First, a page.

Once again, one of the leading tech companies of the world has found itself to be the victim of a security breach. Earlier, it was Nvidia, and now, it is Samsung.
That’s right, the South Korea-headquartered Samsung suffered a security breach after hackers made off with internal company data, including the source code for the operation of the Galaxy smartphones. The same group that leaked Nvidia’s sensitive data – including employee credentials and proprietary company information – is responsible for the cybersecurity breach at Samsung as well.
The Lapsus$ hacking group has claimed to have successfully obtained the source code for trusted applets installed in Samsung’s TrustZone environment. The same is used by Samsung’s phones to perform sensitive operations, algorithms for all biometric unlock operations, and bootloader source code for all recent Samsung Galaxy devices.
For the uninitiated, if you have access to source code, you can identify security vulnerabilities that may be hidden. Consequently, this can also be used as a backdoor for the exploitation or exfiltration of data. Unlike the Nividia breach, it is not confirmed whether Lapsus$ demanded a ransom from Samsung before leaking the data. For its part, the company has confirmed the breach.
Lapsus$ seems to have posted a 190GB torrent file on its Telegram channel on Friday. At the same time, it claimed that it contained confidential Samsung source code that exposed the company’s device security systems. Confidential data from Qualcomm is also said to be included in the stolen data, though this has not been verified as spokespersons for Qualcomm did not immediately respond to comments.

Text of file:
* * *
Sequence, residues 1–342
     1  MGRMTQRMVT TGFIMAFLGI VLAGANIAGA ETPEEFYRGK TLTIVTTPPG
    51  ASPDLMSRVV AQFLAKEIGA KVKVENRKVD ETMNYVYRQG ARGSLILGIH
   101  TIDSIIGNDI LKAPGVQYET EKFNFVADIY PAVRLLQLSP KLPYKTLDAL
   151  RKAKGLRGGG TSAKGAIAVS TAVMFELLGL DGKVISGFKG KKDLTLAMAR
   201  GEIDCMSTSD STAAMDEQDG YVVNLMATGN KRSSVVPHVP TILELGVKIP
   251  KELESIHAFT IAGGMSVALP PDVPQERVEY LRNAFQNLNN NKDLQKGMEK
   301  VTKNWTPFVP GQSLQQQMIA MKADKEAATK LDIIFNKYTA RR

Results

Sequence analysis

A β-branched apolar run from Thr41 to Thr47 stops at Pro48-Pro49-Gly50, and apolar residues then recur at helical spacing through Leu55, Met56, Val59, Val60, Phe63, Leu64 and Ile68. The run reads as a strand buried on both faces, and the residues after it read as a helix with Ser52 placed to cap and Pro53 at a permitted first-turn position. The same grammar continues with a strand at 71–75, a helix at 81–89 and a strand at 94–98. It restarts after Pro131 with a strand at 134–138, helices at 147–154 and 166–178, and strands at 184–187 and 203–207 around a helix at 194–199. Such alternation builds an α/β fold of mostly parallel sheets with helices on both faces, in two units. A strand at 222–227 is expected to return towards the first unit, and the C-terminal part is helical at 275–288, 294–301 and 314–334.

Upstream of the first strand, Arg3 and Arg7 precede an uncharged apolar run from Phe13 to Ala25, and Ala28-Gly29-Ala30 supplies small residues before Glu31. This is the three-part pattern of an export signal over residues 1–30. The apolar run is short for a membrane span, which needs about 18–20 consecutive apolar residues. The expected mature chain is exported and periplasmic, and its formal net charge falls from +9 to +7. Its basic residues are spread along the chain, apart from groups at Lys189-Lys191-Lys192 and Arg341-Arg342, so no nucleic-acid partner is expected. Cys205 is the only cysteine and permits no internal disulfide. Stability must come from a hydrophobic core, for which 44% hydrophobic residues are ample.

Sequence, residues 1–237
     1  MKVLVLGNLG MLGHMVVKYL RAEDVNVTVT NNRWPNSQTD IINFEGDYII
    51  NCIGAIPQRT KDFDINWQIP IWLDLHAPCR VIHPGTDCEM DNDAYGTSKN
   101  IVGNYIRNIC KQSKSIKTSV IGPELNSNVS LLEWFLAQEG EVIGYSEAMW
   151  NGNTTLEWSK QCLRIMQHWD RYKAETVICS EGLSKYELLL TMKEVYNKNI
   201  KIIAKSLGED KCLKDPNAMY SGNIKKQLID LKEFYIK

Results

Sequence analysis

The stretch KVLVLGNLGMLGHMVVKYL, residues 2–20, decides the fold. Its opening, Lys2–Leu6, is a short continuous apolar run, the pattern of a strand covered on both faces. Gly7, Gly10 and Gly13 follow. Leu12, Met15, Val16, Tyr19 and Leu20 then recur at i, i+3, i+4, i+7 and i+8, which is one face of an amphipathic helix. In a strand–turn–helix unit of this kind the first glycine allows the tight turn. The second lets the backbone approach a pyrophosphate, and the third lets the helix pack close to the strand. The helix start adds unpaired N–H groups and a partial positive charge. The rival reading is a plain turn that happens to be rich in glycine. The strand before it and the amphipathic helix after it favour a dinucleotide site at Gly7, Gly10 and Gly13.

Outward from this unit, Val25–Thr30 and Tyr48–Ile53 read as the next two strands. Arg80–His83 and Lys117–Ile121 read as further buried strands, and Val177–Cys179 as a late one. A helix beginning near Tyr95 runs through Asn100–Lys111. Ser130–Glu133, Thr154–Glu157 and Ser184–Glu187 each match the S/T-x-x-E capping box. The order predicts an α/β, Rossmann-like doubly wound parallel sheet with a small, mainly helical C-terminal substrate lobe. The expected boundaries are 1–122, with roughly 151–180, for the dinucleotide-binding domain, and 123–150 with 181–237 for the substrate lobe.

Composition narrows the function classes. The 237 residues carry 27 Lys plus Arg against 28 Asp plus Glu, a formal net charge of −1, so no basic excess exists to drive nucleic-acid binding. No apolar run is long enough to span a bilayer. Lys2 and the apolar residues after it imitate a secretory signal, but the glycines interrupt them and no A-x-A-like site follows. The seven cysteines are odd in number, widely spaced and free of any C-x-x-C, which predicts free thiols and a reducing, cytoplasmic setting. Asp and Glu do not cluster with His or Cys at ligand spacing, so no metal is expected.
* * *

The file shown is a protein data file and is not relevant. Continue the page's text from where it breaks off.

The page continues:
While Samsung neither confirmed nor denied the identity of the hackers, it did confirm the security breach and assured the masses that no personal data belonging to customers or employees had been stolen by the hackers.
Furthermore, the company has already started to take measures to prevent more such breaches in the future.
“There was a security breach relating to certain internal company data,” the company said. “According to our initial analysis, the breach involves some source code relating to the operation of Galaxy devices but does not include the personal information of our consumers or employees. Currently, we do not anticipate any impact on our business or customers. We have implemented measures to prevent further such incidents and will continue to serve our customers without disruption.”